It started with an early run on Roosevelt Island, that odd little floating hamlet with hospitals in the East River. The tram is completely out of service for 6 months, leaving only the F train. Anyway, it was slow and steady going on its flat grounds. Running along the river gives you some great views of Manhattan. That was followed by Pilates at my secret studio.
World Cup Watching & Tweeting
Then it was off to the Paley Center for US v. Ghana and some tweeting. It happened that the electrical outlet for the laptop put me right behind an enclave of Ghana supporters. It was exciting to be there. And there was much wit, and some excellent game commentary, in Twitterdom. I stumbled on Wil Wheaton’s tweets. And became his 1,657,263rd follower. Yes, that’s ONE MILLION etc. I also saw the early news of the vandals in Toronto, destroying police cruisers and stores under the guise of protesting the G-20 summit.
It was a tough loss for the home team. But it meant that one African team goes forward, and I can get behind that. England vs. Germany tomorrow. Wow. You can see the whole history of the 20th century on the field of green with those 2.
“The Mirror . . . urged England to arms, with a mock editorial echoing Prime Minister Neville Chamberlain’s Sept. 3, 1939, radio broadcast declaring war: ‘Last night, The Daily Mirror’s ambassador in Berlin handed the German government a final note stating that, unless we heard from them by 11 o’clock, a state of soccer would exist between us.’"
(From John F. Burns, in NYTimes)
Very quick bit to eat with old friend, then off to Lincoln Center to see the final night of the New York Philharmonic season, performing Beethoven’s Missa Solemnis.
It’s a towering symphonic choral work, often dubbed Beethoven’s “greatest, unknown masterpiece.” Anthony Tommasini called it “solemn, strange and demanding sounds.”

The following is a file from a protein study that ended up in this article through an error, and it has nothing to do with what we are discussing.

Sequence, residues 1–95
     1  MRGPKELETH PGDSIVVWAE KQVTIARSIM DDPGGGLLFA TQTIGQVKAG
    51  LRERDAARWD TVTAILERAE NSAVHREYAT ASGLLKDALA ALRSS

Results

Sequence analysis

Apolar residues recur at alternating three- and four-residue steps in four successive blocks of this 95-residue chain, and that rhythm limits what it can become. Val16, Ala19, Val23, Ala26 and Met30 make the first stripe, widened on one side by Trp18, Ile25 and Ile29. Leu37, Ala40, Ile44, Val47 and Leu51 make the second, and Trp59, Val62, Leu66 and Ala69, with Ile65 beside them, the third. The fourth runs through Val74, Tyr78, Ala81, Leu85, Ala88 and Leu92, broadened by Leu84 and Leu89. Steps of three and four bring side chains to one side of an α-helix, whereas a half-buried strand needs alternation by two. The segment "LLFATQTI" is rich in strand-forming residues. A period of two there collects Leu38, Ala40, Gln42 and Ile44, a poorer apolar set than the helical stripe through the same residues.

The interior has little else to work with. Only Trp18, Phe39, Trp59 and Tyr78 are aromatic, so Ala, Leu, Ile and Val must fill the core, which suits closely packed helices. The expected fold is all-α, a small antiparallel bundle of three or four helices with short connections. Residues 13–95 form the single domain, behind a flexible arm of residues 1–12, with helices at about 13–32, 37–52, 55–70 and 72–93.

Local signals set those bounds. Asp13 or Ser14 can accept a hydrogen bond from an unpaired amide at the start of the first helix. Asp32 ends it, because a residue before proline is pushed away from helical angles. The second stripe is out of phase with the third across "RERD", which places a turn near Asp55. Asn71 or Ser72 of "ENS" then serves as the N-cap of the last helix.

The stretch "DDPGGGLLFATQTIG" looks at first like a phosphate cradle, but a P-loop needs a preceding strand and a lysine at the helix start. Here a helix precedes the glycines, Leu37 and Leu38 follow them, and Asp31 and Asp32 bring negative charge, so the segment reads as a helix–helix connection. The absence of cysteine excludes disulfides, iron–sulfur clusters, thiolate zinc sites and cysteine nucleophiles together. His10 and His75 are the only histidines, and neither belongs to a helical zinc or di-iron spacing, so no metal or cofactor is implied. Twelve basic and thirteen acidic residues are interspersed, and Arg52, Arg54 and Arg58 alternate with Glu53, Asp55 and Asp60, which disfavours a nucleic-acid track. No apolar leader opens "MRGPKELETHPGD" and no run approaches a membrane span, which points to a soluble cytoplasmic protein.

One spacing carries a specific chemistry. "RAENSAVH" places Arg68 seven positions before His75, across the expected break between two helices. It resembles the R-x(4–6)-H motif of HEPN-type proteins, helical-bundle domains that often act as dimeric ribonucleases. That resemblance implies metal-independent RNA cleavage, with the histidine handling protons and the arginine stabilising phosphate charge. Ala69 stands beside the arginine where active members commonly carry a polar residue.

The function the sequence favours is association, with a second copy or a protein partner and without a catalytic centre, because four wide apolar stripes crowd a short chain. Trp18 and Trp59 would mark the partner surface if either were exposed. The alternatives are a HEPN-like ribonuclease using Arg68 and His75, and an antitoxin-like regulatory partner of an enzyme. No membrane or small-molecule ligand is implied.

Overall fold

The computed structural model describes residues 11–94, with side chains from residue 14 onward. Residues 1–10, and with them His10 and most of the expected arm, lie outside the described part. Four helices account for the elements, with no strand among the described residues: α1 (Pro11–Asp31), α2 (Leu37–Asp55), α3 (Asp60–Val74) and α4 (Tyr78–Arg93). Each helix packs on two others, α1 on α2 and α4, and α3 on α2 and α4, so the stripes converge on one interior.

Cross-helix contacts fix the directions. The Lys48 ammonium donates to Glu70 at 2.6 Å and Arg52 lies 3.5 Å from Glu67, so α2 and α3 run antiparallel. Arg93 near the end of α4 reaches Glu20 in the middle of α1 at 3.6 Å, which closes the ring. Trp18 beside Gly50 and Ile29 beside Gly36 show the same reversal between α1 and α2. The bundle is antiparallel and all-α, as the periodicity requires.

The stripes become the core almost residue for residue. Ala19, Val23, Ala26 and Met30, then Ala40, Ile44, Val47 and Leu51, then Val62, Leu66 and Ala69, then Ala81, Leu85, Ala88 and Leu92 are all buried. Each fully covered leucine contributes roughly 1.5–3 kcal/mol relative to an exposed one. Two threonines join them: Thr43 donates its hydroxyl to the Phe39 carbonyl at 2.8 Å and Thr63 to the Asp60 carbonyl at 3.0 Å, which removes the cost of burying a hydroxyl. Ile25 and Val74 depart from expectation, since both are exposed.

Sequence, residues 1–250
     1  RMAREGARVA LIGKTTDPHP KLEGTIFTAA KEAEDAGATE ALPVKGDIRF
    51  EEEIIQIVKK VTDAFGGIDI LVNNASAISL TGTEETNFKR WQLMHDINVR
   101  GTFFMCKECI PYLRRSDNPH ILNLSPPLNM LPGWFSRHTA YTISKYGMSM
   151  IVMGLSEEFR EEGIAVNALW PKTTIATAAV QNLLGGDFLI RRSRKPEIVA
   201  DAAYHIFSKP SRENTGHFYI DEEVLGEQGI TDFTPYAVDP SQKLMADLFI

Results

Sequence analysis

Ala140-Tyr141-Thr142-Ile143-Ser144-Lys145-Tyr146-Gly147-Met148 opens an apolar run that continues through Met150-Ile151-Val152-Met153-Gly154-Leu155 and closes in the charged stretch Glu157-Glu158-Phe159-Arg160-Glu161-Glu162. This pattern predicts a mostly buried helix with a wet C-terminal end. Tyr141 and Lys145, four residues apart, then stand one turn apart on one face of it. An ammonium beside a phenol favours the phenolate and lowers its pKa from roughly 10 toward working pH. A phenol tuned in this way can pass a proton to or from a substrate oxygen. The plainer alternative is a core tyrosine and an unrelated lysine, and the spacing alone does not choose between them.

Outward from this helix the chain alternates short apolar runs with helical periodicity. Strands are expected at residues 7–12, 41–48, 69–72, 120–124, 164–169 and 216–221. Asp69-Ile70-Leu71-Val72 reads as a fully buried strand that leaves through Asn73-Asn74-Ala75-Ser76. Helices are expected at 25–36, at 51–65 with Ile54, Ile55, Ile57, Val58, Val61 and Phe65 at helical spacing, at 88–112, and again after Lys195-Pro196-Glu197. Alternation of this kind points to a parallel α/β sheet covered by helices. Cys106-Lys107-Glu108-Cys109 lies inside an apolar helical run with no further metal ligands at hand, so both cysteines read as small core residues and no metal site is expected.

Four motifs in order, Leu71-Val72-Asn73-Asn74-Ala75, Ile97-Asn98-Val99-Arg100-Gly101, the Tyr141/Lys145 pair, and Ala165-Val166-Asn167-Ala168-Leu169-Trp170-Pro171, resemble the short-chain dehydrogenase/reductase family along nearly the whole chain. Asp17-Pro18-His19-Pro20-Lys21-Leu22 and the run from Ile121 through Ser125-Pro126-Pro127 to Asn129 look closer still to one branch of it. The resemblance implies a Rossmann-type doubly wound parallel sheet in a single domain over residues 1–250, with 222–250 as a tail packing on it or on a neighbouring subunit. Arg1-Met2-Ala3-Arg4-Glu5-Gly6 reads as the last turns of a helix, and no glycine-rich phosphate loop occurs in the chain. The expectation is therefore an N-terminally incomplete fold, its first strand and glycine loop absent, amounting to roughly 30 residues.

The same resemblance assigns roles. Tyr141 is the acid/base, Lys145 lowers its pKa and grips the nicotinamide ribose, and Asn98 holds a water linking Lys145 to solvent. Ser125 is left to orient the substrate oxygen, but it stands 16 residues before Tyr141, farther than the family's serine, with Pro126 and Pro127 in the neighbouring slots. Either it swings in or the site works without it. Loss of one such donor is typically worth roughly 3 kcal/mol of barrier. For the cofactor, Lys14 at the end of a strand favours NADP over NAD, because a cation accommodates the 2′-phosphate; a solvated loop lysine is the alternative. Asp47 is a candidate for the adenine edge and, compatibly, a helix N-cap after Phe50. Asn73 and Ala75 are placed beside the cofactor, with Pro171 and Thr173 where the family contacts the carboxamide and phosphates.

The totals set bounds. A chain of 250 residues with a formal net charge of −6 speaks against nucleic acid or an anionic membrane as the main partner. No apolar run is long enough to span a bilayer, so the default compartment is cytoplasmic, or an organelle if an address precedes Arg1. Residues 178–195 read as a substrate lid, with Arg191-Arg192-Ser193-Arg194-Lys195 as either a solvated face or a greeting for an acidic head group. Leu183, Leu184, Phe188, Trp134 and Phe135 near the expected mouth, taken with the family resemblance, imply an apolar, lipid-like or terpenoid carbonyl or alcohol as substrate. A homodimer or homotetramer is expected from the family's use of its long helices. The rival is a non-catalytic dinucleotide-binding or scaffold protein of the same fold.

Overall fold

It was a thrilling concert experience. Packed house, palpably attentive audience. Every element was excellent: chorus, soloists, orchestra. I didn’t know the piece well, so I was truly on the edge of my seat, wondering just where each movement was going, and how was it going to end?
There were surprises everywhere. The Gloria seems to end, gets to Amen, and then, like Glen Miller’s In the Mood, it recaps, circles back to another shout of “Gloria in excelsis Deo.”
In the Credo, the “Crucifixus etiam pro nobis” is right out of the great Renaissance composer Lotti. The “Et resurrexit tertia die” is acappella, extraordinary unaccompanied beats within the wall of sound we’ve be floating in.
The bass soloist starts the Agnus Dei, and it’s just men for the first iteration. It cycles through the repetitions, and then the horns come in for a recap of Agnus Dei, qui tollis peccata mundi.”
Some interesting commentary from YouTube:
I tuned this in, lay back on my bed, and bathed my head in these exotic Greek words, set to music straight from heaven, by way of a man who was quite deaf. Kyrie eleison.
I first heard this in my late teens and it almost made me believe in God.
Even now, being a devout atheist, it's having a similar effect.
Beethoven's Missa Solemnis is the king of kings in the empire of music
I'm listening the voice of God, geez, i thought he didn't exist!
One surprising thing outside of Beethoven’s composing was that there was a screen over the stage, and it flashed an English language translation of the Mass propers. I’m a fan of supratitles for opera, where you need to follow a story. But the English words are in the program, and it was distracting to see them above the chorus's head. Doubly distracting because the translation of the Nicene Creed was none I have ever seen. I looked it up, and the translation they used is distinctly from the Ruthenian Catholic Church, a Byzantine Eastern Rite Church. Very strange to use for a German Catholic composer.
The applause after the last chord was the proverbial thunderous.
Now, tomorrow, . . .